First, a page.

When I was 15 years old, I had my very first music lesson with Art. Art is a jazz pianist who happens to be among the most brilliant minds in the nation, and just resides in my hometown of Boulder, CO. For reasons which are still not entirely known to me, Art isn’t a household name from the jazz listening community. He is, however, a household name in the community of jazz musicians, all of whom revere him to inhabit this earth.
Words didn’t mince. Art would tell you if you didn’t put the type of intention that the music deserved in the event that you got idle if you played with something mindlessly. In fact, his very first words to me were, and I quote, “that was bull****, now play it again and MEAN it this time.” It seems harsh, but here is the thing. I tried to impress him, and playing with something outside of what was inside of me. And it was grabbed by him. He explained exactly the right thing. It knocked me from trying to “impress” him (as if a 15-year-old kid could “impress” a living legend of jazz, anyhow), and brought me back to myself. He had been much nicer after my second effort, though he still had a few pointers about what I might have done much better.
Art’s design was that of a Zen teacher that is skillful. He explained matters right, praise wasn’t offered by him, and he did what any fantastic instructor SHOULD do: He pruned away the things that n’t worked in his students’ playing, and gave us the tools to make ourselves better. And if we didn’t put in the job that the music deserved, well, he’d tell us what he thought about that (and it wasn’t great).
What makes me think about all of this? To begin with, I’ve always regarded diabetes in somewhat the same way: a sometimes harsh Zen teacher who doesn’t mince words and needs into what we’re doing, that we put our focus and intention. Diabetes arrived around precisely the same time as that lesson into my life right. I’ve often talked about how much I was educated by Art . That’s a no-brainer, but I realized something, as I thought about both of these events: Art instructed me the way to live with diabetes.
You see, until I took that lesson with Art, I’d always preferred teachers with a “softer” design, teachers that were prone to pad their views with comforting niceties. I had been fearful of educators such as Art. In the core, I was insecure about my own skill, afraid I’d be “found out” to be a fake, to be less gifted, less skilled, than I’d built myself up to be. I chose to keep blinders on, to protect myself from the regions where I had to improve.
Obviously, there’s an obvious problem with this: there is no way you will EVER improve the deficiencies which are holding you back Should you protect yourself from criticism again. A teacher such as Art understood this, and therefore he attacked those regions head-on. Had I become living with diabetes with that kind of “shielded” mindset, the outcomes might have been life-altering. Imagine if my reaction to a number was supposed to ignore it, sweep it and continue doing just what it is I do this LED to this amount, day after day.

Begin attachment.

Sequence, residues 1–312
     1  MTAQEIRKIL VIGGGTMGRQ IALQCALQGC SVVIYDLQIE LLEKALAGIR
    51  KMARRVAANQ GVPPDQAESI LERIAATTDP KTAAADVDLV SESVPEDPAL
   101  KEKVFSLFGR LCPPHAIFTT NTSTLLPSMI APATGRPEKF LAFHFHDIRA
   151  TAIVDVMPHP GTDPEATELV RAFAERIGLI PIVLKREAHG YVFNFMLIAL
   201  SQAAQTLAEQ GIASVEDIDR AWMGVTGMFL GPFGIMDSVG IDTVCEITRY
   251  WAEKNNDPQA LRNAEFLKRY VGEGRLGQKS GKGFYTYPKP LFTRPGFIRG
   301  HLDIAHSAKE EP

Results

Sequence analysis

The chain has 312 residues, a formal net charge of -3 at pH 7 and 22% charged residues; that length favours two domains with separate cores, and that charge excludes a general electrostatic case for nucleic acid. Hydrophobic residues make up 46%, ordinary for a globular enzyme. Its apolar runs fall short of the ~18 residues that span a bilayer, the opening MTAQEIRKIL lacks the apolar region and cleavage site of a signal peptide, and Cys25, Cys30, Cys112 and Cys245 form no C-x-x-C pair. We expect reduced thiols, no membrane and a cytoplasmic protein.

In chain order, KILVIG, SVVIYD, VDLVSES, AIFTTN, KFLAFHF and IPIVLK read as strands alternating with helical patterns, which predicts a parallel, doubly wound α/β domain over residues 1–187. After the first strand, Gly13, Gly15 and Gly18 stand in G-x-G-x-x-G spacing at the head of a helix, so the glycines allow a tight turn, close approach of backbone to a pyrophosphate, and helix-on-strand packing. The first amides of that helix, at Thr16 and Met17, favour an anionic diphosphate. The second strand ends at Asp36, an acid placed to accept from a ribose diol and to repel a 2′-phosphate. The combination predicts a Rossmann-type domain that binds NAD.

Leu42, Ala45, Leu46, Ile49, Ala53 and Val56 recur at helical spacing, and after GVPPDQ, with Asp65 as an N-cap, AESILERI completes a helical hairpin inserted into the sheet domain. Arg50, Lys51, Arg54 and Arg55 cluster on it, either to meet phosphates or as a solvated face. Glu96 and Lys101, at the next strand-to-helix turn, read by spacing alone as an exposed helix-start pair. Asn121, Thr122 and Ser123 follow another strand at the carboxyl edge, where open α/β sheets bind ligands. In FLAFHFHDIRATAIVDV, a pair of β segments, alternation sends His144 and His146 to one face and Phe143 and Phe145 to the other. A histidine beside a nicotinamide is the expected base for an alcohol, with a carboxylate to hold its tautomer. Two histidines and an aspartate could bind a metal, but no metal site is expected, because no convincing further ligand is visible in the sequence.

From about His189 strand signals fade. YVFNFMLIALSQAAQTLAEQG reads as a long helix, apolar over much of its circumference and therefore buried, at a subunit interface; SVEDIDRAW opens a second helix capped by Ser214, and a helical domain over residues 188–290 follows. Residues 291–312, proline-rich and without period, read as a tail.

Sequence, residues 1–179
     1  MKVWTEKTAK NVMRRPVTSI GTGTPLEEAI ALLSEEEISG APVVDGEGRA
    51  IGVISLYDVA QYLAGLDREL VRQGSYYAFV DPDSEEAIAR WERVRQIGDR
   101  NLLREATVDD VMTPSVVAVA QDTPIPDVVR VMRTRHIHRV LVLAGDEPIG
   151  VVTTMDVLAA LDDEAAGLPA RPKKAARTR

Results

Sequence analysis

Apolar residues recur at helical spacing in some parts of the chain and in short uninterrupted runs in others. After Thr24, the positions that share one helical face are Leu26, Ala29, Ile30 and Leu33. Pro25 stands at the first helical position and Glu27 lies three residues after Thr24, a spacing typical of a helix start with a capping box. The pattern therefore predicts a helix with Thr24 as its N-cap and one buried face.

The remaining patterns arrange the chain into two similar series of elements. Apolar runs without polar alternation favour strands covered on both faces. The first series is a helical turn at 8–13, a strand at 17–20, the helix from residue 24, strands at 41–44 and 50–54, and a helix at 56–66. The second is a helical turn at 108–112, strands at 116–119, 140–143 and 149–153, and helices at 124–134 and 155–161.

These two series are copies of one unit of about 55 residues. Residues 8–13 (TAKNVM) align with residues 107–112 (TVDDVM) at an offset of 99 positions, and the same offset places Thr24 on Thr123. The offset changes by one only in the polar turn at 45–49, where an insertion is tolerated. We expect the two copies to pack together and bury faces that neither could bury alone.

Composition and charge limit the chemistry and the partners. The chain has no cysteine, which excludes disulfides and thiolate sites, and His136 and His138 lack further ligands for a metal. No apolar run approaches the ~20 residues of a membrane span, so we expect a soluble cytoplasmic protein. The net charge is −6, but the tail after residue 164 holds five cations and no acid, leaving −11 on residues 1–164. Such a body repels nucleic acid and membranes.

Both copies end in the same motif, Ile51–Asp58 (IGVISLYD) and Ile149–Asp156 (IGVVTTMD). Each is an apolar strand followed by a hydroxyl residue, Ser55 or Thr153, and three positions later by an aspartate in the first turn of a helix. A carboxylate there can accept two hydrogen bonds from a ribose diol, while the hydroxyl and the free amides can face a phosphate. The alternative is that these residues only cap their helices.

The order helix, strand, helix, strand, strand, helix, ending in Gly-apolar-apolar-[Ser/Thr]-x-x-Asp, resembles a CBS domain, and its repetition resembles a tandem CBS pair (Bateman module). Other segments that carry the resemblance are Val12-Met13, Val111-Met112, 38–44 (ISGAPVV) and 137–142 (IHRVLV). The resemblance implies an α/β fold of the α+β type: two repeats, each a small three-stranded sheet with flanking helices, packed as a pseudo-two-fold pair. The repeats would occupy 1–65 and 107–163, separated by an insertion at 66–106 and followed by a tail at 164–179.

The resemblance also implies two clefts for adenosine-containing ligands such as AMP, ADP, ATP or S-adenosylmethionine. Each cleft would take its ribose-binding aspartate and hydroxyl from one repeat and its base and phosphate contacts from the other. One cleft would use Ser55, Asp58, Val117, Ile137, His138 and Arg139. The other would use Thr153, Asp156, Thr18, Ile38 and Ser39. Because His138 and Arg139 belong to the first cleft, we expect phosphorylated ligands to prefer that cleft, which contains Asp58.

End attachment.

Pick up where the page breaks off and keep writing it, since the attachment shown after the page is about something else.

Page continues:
Art showed me the way to face problems to face regions of regions and failure of weakness. He showed me the way to stop being fearful of my failings, and the way to understand from them. And so while Art never said a word about diabetes, and was only dimly aware that I even had it, I learned a huge amount about how to live with it from him. The majority of us who live with diabetes have had educators, people who have affected our connection.
I am amazed how often the deepest lessons in our lives come at us at this sideways type of way. After all, I had a wonderful endocrinologist who educated me and so many different people who taught me. But diabetes is more than the amounts. It is so much more than blood glucose levels, carbohydrates, ratios, and descriptions. It impacts our lives minute-to-minute, and influences our senses, our feelings, and our ideas.
Learning to live with diabetes is learning to live with anguish — I don’t mean that in the “woe is me” type of way, but at the way Buddhists imply it: The everyday challenges of living in a world that so often falls short of our ideal, challenges us when we had rather not be challenged, and forces us to confront weakness and failure. And so Art lives on as one of the great teachers of my entire life, not just as a musician, but as a human being, and most certainly as a person being faced with the challenge of diabetes.
I invite you to reflect to obtain in living with diabetes, the teachers that have directed you. You may be surprised. When you find them, thank them.
Want to learn more about living with diabetes? See “Life Doesn’t Stop for Diabetes” and “Habits Are Tough to Change.”
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